Friday, May 12, 2006


Once upon a time, for reasons that even now are somewhat opaque to me, I lived in Orange County CA. The primary industry was real estate development: the conversion of semi-arid scrub into red tile roofs, eight-lane residential streets, and megafreeways of unfathomable size. (The "El Toro Y," the intersection of the I-5 and I-405 freeways, has 26 lanes; traffic still sucks.) The place was, I now realize, an idealized microcosm of a latter-day Bush Administration running a Red State paradise: government of, by and for big business, fiscal malpractice, and a host of other sins I will skip over for now.

Anyway, the population was pro-development overall, though predictable NIMBY concerns did tend to act as a minor drag on the Vista del Condo-ization. I still remember reading an article about one such spat from perhaps 18 or so years ago. A big developer wanted to put up thousands of new units. Locals complained about the effect on already dreadful traffic. The newspaper quoted one of the local officials (I think he was on the County Board of Supervisors), a fellow named Gaddy Vasquez, as saying: "Traffic has nothing to do with development. It's just the sheer number of cars on the road."

(That flair for piercing insight apparently attracted the attention of the kingmakers in Washington; Dubya named him Director of the Peace Corps.)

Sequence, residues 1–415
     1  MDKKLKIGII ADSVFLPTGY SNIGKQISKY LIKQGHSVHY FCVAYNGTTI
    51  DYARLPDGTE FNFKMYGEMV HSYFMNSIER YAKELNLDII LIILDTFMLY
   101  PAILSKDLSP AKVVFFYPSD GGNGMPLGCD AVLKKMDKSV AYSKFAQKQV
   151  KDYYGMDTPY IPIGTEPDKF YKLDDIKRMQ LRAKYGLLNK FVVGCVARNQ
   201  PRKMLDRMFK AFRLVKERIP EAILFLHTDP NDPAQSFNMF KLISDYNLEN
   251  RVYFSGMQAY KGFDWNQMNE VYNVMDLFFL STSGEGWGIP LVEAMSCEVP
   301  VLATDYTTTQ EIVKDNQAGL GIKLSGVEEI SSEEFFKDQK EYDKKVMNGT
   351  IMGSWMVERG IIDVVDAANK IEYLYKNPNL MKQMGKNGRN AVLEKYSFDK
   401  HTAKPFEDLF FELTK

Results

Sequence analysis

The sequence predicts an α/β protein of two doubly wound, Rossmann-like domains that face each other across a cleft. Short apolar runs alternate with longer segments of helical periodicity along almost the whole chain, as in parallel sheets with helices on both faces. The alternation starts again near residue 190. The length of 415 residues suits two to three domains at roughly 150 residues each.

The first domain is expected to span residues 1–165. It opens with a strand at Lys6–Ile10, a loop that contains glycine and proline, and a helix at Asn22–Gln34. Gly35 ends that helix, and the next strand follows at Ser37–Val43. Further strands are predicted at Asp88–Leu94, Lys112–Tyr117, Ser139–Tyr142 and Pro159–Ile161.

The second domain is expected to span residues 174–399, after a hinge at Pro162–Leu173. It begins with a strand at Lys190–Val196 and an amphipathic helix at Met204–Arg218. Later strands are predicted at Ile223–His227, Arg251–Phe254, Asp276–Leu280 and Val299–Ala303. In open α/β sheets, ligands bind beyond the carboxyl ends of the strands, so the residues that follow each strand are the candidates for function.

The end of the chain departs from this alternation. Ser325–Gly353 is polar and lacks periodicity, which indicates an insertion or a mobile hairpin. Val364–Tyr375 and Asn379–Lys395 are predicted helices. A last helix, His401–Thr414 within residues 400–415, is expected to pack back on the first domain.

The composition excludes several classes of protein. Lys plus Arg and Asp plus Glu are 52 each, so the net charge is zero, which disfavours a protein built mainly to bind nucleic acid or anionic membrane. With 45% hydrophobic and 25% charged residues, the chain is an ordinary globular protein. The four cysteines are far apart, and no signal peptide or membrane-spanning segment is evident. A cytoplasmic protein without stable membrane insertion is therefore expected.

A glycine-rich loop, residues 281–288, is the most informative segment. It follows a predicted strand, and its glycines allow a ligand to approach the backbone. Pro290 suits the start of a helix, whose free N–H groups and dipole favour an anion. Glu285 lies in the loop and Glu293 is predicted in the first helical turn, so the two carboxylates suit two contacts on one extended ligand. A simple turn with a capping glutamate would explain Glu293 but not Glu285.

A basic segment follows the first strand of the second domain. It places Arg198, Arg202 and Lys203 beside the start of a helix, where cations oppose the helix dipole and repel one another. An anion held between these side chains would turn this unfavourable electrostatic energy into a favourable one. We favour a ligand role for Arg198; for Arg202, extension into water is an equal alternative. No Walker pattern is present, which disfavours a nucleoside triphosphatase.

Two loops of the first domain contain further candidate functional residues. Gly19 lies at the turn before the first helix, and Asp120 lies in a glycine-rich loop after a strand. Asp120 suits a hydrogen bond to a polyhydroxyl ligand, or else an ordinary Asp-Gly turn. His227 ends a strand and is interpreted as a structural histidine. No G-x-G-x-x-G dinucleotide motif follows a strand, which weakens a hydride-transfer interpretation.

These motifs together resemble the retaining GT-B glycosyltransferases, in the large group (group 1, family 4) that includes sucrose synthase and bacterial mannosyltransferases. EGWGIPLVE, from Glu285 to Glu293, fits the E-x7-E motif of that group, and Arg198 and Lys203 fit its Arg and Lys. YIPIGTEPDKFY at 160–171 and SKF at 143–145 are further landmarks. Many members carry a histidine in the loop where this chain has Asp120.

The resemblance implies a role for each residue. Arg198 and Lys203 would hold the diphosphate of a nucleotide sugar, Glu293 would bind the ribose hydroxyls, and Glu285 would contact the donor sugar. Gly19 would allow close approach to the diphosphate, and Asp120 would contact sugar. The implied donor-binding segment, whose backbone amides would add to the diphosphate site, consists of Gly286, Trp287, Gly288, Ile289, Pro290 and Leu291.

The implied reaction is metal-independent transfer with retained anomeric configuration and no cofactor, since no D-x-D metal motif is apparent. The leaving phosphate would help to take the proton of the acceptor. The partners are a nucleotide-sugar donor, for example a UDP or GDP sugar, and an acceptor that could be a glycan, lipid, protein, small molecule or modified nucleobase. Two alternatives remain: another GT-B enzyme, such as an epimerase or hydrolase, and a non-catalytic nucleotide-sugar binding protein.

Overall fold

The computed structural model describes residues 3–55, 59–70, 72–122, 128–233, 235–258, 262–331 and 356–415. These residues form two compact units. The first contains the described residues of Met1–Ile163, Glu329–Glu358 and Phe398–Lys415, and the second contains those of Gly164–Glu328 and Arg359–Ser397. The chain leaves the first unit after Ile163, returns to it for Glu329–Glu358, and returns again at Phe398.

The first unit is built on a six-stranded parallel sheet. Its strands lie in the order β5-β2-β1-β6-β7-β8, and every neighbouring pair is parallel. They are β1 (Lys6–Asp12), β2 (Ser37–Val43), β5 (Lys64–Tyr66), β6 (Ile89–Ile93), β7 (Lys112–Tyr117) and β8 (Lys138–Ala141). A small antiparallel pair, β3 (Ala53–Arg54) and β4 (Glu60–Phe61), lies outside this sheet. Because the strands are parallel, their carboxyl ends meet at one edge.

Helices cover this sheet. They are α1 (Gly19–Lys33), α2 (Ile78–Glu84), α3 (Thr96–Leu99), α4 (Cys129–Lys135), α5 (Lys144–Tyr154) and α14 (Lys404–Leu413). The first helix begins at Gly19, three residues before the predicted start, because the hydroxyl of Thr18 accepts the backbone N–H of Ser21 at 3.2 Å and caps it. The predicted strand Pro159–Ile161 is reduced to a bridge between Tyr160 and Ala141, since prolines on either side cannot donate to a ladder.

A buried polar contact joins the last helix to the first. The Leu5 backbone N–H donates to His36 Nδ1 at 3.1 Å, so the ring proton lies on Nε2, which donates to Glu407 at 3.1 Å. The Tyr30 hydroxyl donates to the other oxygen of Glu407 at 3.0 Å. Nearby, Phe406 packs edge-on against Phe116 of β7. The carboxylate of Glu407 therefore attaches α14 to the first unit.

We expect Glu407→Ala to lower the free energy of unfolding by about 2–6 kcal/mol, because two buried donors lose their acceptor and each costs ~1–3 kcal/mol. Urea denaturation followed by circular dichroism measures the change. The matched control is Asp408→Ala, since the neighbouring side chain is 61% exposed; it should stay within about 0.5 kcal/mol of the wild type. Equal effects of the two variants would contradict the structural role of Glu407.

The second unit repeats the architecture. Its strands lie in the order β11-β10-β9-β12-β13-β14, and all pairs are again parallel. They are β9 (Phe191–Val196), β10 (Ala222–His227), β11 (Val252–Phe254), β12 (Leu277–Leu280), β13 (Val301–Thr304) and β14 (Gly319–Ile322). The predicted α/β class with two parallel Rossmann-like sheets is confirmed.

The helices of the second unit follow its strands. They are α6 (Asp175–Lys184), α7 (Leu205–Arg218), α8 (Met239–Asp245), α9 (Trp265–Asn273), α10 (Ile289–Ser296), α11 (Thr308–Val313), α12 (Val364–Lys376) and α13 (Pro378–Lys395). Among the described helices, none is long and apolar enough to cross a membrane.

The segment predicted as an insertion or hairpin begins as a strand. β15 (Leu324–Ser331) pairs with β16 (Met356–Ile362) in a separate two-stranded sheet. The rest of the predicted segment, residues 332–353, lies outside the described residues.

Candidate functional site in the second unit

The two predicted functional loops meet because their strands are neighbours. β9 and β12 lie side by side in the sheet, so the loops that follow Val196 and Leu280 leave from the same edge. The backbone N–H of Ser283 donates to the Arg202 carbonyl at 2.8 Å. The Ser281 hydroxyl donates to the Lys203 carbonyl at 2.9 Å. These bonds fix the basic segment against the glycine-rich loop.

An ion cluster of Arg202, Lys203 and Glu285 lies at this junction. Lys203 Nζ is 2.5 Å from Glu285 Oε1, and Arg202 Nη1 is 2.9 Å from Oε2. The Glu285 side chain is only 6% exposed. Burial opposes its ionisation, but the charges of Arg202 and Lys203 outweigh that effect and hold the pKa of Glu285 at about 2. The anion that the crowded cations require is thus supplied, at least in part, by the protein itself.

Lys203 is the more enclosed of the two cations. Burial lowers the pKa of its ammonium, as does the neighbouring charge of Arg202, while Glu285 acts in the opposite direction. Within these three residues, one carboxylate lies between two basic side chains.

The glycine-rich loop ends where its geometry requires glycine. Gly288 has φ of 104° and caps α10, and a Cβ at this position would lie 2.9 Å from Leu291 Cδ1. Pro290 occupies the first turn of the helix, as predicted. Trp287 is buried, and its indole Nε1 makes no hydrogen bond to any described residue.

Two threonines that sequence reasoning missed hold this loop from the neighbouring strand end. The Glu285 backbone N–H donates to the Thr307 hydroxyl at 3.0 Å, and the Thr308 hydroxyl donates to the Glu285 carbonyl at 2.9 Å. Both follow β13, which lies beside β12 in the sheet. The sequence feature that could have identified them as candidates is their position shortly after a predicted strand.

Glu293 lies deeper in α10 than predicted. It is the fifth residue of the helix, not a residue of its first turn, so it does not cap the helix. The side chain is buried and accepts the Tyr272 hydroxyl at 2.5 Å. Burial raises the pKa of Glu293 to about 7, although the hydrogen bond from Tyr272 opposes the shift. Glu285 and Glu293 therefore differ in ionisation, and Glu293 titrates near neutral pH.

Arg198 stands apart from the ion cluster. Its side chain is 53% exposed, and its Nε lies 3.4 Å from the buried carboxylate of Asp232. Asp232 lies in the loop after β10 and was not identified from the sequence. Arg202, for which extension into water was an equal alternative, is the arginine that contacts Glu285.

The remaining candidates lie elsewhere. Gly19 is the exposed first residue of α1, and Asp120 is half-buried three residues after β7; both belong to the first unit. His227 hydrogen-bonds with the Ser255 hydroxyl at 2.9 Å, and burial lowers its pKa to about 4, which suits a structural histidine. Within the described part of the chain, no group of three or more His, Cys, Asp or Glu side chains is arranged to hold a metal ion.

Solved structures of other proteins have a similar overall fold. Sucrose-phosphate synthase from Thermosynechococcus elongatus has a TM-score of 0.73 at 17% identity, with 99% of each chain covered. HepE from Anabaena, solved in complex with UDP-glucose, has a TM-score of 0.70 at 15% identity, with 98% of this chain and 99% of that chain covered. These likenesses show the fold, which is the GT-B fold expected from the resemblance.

I thought of the wisdom and honesty of Mr. Vasquez when I read this:

General Motors to End Hummer H1 Production

General Motors Corp. said Friday that the 2006 model year will be the last for the H1, which has been the foundation for the automaker's Hummer brand. Based on the military's Humvee, the about 12,000 put on the road since 1992 defined the Hummer name.

"It's a reflection of where we're going with the Hummer brand," Hummer general manager Martin Walsh said of the decision. "The Hummer DNA still resides in the Humvee. ... It will always be the core from where we come."


The H1 gets about 10 miles per gallon, but Walsh said rising gas prices didn't factor into GM's decision. He noted that H1 buyers typically have been less sensitive about gas prices than most other drivers.

Uh huh. And when the next supply shock pushes crude to $100 a barrel, and H2s and Tahoes and Suburbans and Escalades stack up like cordwood, that won't have anything to do with
fuel prices either. Dreadnought SUV buyers will be insensitive to fuel prices -- all twelve of them.


Blogger Eric Soderstrom said...

What are they going to do with all of those Hummers? I remember growing up in San Francisco, my Dad took me to a park that had an old Air Force jet that had been converted in to a playground set. You could climb a ladder and sit in the cockpit, and I think there was a slide down. A Hummvee/Tahoe/Suburban jungle jim maybe?

11:49 PM  

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